Shopify Plus has managed to create a simple carousel that delivers its message clearly.
Shopify uses a simple four-step Google Carousel ad to demonstrate the benefits of using their product. Each slide focuses on a single focus point:
- Focus on marketing
- Focus on experience
- Focus on leading
- Automate the rest
Like most Facebook advertisers, Shopify will have used a combination of demographics (people like to use Shopify to help sell items through a website) and behavior (people who have previously demonstrated an interest in Shopify or competing products) to target who will see this ad.
The ad’s message is clear – use Shopify to simplify your website sales process, so you can concentrate on the critical items, without being bogged down attending to the everyday nuts and bolts.
If you buy products from Amazon, you will frequently see their ads in your Facebook feed. Often these will be for books or other items you just happened to be looking at recently. It almost seems like they were spying on you, although it is merely the use of good retargeting software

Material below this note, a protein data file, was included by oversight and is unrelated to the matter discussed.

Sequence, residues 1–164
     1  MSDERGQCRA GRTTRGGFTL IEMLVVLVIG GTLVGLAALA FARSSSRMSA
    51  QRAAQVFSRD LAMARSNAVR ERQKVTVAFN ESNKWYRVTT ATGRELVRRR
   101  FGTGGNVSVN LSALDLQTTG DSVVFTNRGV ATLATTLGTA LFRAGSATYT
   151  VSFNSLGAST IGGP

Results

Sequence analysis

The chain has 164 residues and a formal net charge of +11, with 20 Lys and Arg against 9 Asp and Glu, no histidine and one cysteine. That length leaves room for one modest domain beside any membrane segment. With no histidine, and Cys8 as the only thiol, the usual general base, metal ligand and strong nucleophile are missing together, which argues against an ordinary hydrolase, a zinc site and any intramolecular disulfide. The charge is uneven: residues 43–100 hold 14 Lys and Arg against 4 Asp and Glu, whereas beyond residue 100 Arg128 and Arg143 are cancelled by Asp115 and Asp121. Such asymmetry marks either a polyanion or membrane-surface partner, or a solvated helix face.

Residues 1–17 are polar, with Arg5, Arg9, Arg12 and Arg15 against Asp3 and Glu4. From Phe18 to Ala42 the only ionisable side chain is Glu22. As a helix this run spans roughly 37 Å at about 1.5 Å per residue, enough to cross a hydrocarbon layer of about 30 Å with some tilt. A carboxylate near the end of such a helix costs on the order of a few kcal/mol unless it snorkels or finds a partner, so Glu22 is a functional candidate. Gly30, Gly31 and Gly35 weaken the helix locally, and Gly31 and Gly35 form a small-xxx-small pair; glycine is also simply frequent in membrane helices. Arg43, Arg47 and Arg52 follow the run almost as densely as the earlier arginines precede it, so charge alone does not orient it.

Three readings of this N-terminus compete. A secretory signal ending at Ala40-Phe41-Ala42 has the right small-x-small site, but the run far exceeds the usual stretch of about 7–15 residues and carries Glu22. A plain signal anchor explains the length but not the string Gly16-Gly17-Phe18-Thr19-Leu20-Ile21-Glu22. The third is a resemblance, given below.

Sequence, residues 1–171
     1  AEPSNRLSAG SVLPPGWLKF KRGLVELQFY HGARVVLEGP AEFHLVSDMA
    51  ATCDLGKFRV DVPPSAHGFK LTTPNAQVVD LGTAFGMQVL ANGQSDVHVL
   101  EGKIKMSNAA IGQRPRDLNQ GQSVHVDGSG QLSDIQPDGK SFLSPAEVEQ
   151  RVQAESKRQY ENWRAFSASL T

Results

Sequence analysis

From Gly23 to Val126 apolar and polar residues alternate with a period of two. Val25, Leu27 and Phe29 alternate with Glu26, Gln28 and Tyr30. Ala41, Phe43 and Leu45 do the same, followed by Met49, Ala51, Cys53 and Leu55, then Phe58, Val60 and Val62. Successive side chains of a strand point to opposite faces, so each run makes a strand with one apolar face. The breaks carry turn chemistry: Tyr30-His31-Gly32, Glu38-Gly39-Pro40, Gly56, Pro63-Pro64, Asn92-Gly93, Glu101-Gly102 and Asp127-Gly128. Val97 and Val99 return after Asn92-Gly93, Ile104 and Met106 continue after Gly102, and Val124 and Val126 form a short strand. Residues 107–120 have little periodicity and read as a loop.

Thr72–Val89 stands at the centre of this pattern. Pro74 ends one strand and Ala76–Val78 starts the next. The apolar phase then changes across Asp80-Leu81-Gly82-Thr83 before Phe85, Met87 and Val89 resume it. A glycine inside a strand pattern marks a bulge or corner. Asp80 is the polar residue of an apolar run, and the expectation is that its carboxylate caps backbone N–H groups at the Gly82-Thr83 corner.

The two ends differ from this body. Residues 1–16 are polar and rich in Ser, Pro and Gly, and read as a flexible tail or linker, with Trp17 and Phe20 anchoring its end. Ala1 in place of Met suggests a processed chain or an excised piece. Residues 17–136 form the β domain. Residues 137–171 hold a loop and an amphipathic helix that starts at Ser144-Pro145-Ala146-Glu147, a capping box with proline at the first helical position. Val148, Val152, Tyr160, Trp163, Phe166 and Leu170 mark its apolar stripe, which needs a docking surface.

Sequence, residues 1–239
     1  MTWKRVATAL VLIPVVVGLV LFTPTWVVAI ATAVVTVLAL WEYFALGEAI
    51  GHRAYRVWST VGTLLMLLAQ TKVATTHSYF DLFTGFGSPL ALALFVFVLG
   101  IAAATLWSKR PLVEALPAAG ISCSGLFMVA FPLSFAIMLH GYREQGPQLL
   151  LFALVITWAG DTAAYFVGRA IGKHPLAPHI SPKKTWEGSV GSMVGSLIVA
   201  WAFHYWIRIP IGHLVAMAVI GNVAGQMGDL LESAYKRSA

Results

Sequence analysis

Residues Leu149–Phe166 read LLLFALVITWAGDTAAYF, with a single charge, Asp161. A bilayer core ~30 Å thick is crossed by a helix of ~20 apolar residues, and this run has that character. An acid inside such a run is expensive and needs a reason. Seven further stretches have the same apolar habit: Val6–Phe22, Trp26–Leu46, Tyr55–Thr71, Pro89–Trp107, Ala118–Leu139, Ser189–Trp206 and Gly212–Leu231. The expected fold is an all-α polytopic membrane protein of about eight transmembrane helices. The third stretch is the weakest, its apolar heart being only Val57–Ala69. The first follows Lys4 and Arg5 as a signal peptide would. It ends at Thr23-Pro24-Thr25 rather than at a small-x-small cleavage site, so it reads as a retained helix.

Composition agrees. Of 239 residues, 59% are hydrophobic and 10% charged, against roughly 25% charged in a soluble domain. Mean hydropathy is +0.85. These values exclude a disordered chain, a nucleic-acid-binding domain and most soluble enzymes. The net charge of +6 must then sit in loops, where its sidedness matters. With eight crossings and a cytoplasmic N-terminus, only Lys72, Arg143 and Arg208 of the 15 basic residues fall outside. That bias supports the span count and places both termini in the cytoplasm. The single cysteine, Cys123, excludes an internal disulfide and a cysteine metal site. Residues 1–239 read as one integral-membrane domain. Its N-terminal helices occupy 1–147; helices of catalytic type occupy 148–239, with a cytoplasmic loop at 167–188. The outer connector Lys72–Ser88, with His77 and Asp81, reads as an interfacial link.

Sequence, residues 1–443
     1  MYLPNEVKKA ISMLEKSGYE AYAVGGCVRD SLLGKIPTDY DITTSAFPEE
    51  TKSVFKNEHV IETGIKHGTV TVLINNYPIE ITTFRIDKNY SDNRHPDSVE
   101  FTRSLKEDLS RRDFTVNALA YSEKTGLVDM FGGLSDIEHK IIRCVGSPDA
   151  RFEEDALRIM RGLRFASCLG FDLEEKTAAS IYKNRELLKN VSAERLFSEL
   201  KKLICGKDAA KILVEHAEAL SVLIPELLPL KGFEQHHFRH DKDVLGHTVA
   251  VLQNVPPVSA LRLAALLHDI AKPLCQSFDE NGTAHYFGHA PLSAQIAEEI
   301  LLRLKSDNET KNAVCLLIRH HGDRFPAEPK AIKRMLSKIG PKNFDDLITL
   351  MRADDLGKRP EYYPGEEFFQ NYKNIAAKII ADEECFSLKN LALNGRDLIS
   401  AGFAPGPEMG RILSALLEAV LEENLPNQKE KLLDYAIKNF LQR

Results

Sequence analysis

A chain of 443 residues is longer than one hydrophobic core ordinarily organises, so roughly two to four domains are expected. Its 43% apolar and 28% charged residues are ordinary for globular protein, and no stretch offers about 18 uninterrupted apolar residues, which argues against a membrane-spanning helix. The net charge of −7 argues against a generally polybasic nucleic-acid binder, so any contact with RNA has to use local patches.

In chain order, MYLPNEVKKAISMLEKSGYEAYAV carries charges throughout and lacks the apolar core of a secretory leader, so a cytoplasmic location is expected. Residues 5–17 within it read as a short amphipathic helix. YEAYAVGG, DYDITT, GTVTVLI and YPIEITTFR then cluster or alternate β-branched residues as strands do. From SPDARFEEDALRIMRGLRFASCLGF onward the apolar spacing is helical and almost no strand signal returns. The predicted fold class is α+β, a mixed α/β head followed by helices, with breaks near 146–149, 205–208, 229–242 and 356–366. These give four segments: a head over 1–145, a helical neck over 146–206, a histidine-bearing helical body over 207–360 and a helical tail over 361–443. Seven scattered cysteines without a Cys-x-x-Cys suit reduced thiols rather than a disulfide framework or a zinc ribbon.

Amazon also produces good “event” ads, for example, this ad they used in the days before Black Friday.
Although the ad is for a low-value everyday item for a pet owner, a litter box, the main emphasis is on the forthcoming Black Friday Deals. These stand out clearly.
The ad is bright and attracts the eye in a busy Facebook feed. It uses bright color and white space to draws the eye to its message. It uses minimal copy, just enough to highlight the essential points.
Presumably, Amazon has a selection of these Black Friday posts that it places into the feeds of different demographics. This would attract the eye of a cat owner. Similar ads with different products would focus on other groups of potential customers.
Like all good ads, this one includes a clear Call to Action.
Patagonia does an excellent job of matching its Facebook ad with its target audience.
This is an example of a video ad promoting boardshorts to surfers. The video shows an exciting clip of surfers powering through a wave, presumably wearing their Patagonia Hydro Series boardshorts. The copy refers to “dynamic movement” directly above a video showing precisely that. Small images beneath showing a range of boardshorts styles add to the effect.
This is an excellent example of how firms can create a targeted Facebook Collection ad.
Meet Kaz Matsune: a sushi chef, a teacher, an author, and a Grammarly user.
Posted by Grammarly on Wednesday, November 7, 2018